My fellow B2B media blogger David Shaw has exactly the sort of post on his site that I like to see -- a transparent look at a how a B2B publisher handles a controversial issue.
I won't say much more here than this -- David is maintaining his professional ethics amid a challenging sales environment. Everyone in the press should take a look.
In recent weeks I've had two disconcerting conversations with B2B journalists about ethics. In the first, a group of editors sought my advice because they were having a hard time resisting pressure from advertising sales staff who wanted promises of frequent, positive coverage of advertisers. In the second conversation, a B2B editor I work with argued that he was free to run in-house ads about conferences and new products as news stories, not as ads, because such pieces are "BIG news for our customers."
The common denominator in those tales of journalistic immorality is the mistaken belief that a business need trumps an ethical requirement.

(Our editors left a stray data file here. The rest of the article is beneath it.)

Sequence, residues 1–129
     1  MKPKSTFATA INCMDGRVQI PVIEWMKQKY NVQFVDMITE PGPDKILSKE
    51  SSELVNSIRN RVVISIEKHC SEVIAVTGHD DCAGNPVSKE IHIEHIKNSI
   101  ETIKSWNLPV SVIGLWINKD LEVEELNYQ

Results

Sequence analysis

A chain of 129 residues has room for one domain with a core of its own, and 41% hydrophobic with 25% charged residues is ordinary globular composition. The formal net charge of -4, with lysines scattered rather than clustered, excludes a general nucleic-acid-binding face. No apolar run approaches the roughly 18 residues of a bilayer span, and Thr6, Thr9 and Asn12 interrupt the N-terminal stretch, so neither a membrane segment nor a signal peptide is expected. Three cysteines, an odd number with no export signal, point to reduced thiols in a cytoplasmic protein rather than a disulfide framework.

That's why I'm always pleased by people such as David, who don't think the trade magazine business model gives us some sort of free pass on ethics.
If you're in doubt about what is, or is not acceptable, take a look at ABM's guidelines on professional ethics. The ASBPE also publishes ethics guidelines, although they are not as clear and are in need of an update. They are available on the group's Web site.
If you are being pressured by advertisers, publishers, fellow journalists or ad sales people to do something wrong, this is my advice:
First, explain why their request is unethical. It's my experience that many an ethical slip happens because people on the editorial side assume everyone knows the rules, but are choosing to ignore them. But there are many folks on the business side of a publication who are simply unfamiliar with journalism ethics. Be courteous. Strike up a conversation. Odds are you'll find that your coworkers are uninformed, not unethical.
Second, don't budge. Giving even a little bit on these issues always ends in disaster. Fight early, fight loudly and fight in public. Get other journalists from your company involved. Take your complaints to the publisher, to the board and to your readers.
If that fails, tell the offending party that you're willing to forsake your ethics and imperil your career if they will do the same -- you'll give them the coverage they want, if they give you sex and cash.
That usually shuts them up.